Administration Appoints Eight Ombudspersons to Mediate Faculty Disagreements

Andover has appointed eight faculty members as school ombudspersons who will resolve any disagreements that do not require the Dean of Faculty or the Director of Human Resources. The group was created to make communication between the school and the faculty more efficient.

The eight ombudspersons are Maria Rivera, Assistant Physician in the Rebecca M. Sykes Wellness Center; Herbert “Rusty” Langlois, Chief Engineer of the Office of the Physical Plant; Philip Theruvakattil, Network and Fire Engineer in the Office of Information Technology; Clara Isaza-Bishop, Instructor and Chair in Spanish; Joshua Mann ’96, Instructor and Chair in Classics; Bridget Tsemo, Instructor in English; Leon Calleja, Instructor in English and Philosophy; and Diane Domenech-Burgos, MS2Director and Instructor in Mathematics, Statistics, and Computer Science.

“What we are hoping is that the true ombudspersons group should be able to take some sort of disagreement that people are having on campus and actually perform the mediation for that group. Or, they may be able to give advice to a colleague on how to handle a situation on their own without sending that colleague to the Dean of Faculty or the Director of Human Resources,” said Patrick Farrell, Dean of Faculty.

Farrell continued, “Quite often, that feels much better to a colleague with a problem that they don’t feel is big enough to warrant the intervention of the Dean of Faculty or the Director of Human Resources.”

Previously, a group called the Grievance Committee was in place to handle more serious complaints that might come in about a faculty member or administrator’s behavior on campus. The ombudspersons will now take over some of the responsibilities the past Grievance Committee held.

“We found that the Grievance Committee had done absolutely zero cases in the last six years. And I don’t know what happened before that because I wasn’t Dean of Faculty then. So realized the Grievance Committee was not serving the purpose it should be serving,” said Farrell.

According to Farrell, ombudspersons should be able to “direct traffic” and resolve the conflicts through recommendations or mediation.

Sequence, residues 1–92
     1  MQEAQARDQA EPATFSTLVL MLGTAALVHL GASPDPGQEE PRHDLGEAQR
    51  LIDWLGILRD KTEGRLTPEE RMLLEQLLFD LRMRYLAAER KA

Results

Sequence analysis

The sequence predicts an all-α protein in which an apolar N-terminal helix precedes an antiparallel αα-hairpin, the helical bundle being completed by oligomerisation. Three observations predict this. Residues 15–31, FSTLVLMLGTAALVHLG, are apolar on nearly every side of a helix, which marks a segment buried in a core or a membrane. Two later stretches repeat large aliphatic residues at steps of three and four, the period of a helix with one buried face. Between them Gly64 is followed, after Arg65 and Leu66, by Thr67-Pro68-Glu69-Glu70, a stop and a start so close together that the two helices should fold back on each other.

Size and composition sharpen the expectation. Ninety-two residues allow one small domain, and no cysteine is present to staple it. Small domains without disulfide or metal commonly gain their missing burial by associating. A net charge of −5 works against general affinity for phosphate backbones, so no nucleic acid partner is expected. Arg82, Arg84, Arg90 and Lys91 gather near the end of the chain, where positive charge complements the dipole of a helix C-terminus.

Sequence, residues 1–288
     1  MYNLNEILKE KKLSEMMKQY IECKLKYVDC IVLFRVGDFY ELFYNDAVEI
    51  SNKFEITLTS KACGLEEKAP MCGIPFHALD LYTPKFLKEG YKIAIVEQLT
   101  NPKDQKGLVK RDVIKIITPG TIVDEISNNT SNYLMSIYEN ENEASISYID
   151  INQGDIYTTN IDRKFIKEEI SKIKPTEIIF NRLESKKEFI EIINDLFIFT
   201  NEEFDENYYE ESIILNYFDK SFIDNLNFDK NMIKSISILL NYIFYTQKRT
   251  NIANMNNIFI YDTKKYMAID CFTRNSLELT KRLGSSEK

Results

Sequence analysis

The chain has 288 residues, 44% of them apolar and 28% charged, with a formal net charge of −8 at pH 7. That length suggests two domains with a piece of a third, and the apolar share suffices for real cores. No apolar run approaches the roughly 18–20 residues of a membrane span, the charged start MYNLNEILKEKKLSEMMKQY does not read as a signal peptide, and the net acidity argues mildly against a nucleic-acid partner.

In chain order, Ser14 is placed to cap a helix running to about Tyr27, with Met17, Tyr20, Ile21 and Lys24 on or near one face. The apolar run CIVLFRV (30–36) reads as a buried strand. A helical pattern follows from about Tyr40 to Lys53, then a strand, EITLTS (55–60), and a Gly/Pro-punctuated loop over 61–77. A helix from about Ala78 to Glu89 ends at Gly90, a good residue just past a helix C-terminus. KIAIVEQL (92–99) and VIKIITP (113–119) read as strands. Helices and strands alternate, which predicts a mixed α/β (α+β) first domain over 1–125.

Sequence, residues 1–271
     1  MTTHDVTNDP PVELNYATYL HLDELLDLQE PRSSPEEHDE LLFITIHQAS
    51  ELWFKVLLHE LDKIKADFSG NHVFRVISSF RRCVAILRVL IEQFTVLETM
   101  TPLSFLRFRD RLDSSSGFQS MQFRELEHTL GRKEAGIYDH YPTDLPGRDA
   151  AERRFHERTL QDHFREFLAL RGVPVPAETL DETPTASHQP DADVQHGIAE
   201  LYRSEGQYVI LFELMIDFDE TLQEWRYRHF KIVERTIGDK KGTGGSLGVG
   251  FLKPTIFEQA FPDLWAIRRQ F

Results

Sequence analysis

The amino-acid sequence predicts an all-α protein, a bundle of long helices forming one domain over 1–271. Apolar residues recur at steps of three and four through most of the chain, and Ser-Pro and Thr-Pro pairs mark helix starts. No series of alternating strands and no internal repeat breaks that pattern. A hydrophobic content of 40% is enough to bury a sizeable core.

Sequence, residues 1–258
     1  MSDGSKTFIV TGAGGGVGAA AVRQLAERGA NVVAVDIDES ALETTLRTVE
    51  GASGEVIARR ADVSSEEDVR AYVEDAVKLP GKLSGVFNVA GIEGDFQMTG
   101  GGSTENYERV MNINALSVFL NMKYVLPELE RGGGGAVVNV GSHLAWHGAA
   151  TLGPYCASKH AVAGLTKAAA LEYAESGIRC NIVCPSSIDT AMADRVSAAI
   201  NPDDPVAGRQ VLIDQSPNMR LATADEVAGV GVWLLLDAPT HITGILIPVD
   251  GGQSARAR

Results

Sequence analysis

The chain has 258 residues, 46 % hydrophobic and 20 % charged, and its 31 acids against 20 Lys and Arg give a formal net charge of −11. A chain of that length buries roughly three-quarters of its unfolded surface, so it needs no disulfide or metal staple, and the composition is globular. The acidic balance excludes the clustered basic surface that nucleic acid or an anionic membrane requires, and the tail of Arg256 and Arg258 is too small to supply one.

“If someone comes to [an ombudsperson] and says, I have this problem, describes the problem, the ombudspersons should be able to say that’s something that the Director of Human Resources should deal with, or something the Dean of Faculty should deal with,” said Farrell.

They will soon receive training to prepare them for this role.

The Offensive Conduct Policy found in Andover’s “General Policies Handbook” details how faculty, staff, and administrators should report offensive conduct.

“Employees should always feel free to ask anyone who is engaging in offensive conduct to stop. In addition, if an employee feels that they have seen or been the victim of offensive conduct in the workplace, such conduct should be reported to an Academy ‘ombudsperson,’ the dean of faculty, or the office of human resources,” according to the handbook.

Faculty and staff could report a variety of disputes and conflicts to an ombudsperson that they feel comfortable speaking with, according to Farrell.

Farrell said, “Well, say you had a disagreement with a fellow faculty member. It could be teaching different sections of the same course, and have a disagreement about the content for that course. It had gone to the department chair but the department chair has not been able to solve the personal issues that might be getting in the way of the professional collaboration that might occur.”

Faculty may also choose to discuss their housing situation with an ombudsperson.

“[Say] someone living in on-campus housing [feels like] they should be getting a major repair or renovation done to their apartment. The school might be coming back and saying that your department is not up for that renovation yet. You might want to talk to an ombudsperson about it so you can get a greater understanding of why,” said Farrell.

Ultimately, an ombudsperson aims to increase conflict-resolution skills among faculty and staff.

“Sometimes even if you take your problem you are having with a colleague and you bring it to the higher level of a Dean or a Director, that can sometimes raise the temperature of the disagreement. Whereas the ombudsperson might be able to intervene in a level that does not raise the temperature. There might be an easier and more friendly solution to whatever disagreement is going on,” said Farrell.